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Vital Signs Pennsylvania

Vital Signs Pennsylvania

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Published by: bygsky on May 03, 2011
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Change the Equation
 
• 1101 K Street, NW
 
• Suite 610 • Washington, DC 20005
 
 
www.changetheequation.org 
 
PennsylvaniaSTEMVital Signs
 ACADEMIC EXPECTATIONS 
 We evaluated Pennsylvania’s academic expectations in math by comparing the proficiency rates on the state test with the proficiency rates on NAEP. When NAEP results are far worse than the resultson the state test, the state might have low academic expectations.
 
 
Does Pennsylvania have high academic expectations of itsstudents?
 
Much smaller percentages of Pennsylvania
 
students were proficient onNAEP than on Pennsylvania
 
state tests
.
 
Sources: NAEP, National Center for Education Statistics (NCES), 2009.
 
Paul Peterson, “State Standards Rise in Reading, Fall in Math,” 
EducationNext,
 fall 2010.
 
STATE STANDARDS AND TESTS
Strong academic standards and tests are a critical foundation forteaching and learning. Forty-three states have agreed to adoptCommon Core State Standards in math, and all of those states havejoined state consortia to develop tests aligned to those standards. Anational evaluation recently gave Common Core’s math standards an A-minus for their quality.
 
Has Pennsylvania
 
adopted
Common Core State Standards
 
in math?
 
 Yes
 
 
Has Pennsylvania
 
 joined a state testing consortium?
 Yes
 
 
How do Pennsylvania
 
math standards fare on
 
a national evaluation?
 
Sources: Common Core State Standards Initiative, 2011. Achieve, Partnership for the Assessment of Readiness for College and Careers,2011.Fordham Foundation,
The State of State Standards—and the Common Core—in2010.
 
STUDENT PERFORMANCE AND ACHIEVEMENT GAPS
 
Student performance varies widely within and among states. NAEPallows states to compare themselves against other states, measureachievement gaps among different groups of students and track students’ improvement over time.
 
 
How do Pennsylvania students compare nationally?
Source: NAEP, 2009.
*
Pennsylvania was not among the 11 states that participated in NAEP’s 12
th
gradeState Pilot Program for Mathematics in 2009.
 
 
How large are achievement gaps among demographic groups?
Source: NAEP, 2009.
Change the Equation is a national coalition of more than 110corporate CEOs who are committed to improving science,technology, engineering, and mathematics (STEM) learning forevery child, with a particular focus on girls and students of color.
 
82%71%46%40%
0%20%40%60%80%100%
4th GradeMath8th GradeMath
   P   e   r   c   e   n   t   a   g   e    (   %    )   o    f   s   t   u    d   e   n   t   s   s   c   o   r   i   n   g   a   t   o   r   a    b   o   v   e   p   r   o    f   i   c   i   e   n   t
2009 StateAssessment2009 NationalAssessment (NAEP)
53%45%48%42%23%18%12%7%17%13%7%7%
0%20%40%60%
4th GradeMath8th GradeMath4th GradeScience8th GradeScience
2009 NAEP: Percentage of Pennsylvania Students at or  Above Proficient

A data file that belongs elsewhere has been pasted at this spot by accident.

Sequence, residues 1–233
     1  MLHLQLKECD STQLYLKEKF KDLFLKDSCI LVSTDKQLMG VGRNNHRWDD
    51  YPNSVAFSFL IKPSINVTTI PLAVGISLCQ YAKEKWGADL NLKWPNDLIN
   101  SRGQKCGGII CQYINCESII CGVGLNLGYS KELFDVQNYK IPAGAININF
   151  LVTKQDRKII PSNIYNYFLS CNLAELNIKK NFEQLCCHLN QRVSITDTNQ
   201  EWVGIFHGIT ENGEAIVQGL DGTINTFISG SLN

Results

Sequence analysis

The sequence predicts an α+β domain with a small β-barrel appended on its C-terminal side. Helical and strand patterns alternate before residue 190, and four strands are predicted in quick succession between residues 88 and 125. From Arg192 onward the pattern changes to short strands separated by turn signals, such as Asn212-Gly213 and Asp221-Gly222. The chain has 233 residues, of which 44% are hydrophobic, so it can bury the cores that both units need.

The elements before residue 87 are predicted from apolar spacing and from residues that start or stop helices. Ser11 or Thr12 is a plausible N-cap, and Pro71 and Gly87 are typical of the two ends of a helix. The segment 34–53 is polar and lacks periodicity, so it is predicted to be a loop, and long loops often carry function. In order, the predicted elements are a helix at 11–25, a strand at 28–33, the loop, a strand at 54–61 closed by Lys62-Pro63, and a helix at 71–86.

WhiteHispanicBlack
2009 NAEP: Percentage of Students at or Above Proficient
Pennsylvania U.S. Average of Top 3States
4
th
grade math
46% 38% 56% (MA, MN, NH)
8
th
grade math
40% 33% 48% (MA, MN, NJ)
12
th
grade math
N/A* 25% 33% (MA, NH, NJ)
4
th
grade science
38% 32% 46% (MA, NH, VA)
8
th
grade science
35% 29% 42% (MA, MT, ND)
 
 The future of Pennsylvania depends on its ability to boost student performance in science, technology, engineering and mathematics (STEM). Young people in Pennsylvania will increasingly face stiff competition for jobs from people across the world, and to succeed in the global economy, students willneed a much stronger foundation in STEM subject areas.In this STEM Vital Signs report, Change the Equation has compiled critical data on the condition of STEM learning in Pennsylvania. We provide thesedata to inform vigorous conversations about what it will take to improve STEM learning in the state. While there are no silver bullet fixes, the state canboost student outcomes by focusing on some key areas. For example:
 
Raise the bar on state tests.
 
The
Pennsylvania
 
state test
 
rates 82
 
percent of the state’s 4
 th
 
graders as proficient in math. That’s
 
far more than the 46 percent of Pennsylvania
 
4
 th
 
graders who score proficient on the National Assessment of Educational Progress
 
(NAEP), which sets a consistent bar for student performanceacross the states
 
and tracks international assessments
.
 
 
Focus on achievement gaps.
 
Like all U.S. states, Pennsylvania has large achievement gaps between students of color and white students. Closing those gaps is both a moraland an economic imperative. The state should continually ensure that its policies target the diverse learning needs of all students, especially
 t
hose who face the biggest hurdles, without diluting expectations.
 
 
Foster more engaging science instruction.
Large percentages of Pennsylvania
 
students
 
say they seldom design science experiments or write reports about science projects. Strategies foraddressing this problem include providing professional development and classroom materials to help teachers get their students
 
fully
 
engaged inscience.
 

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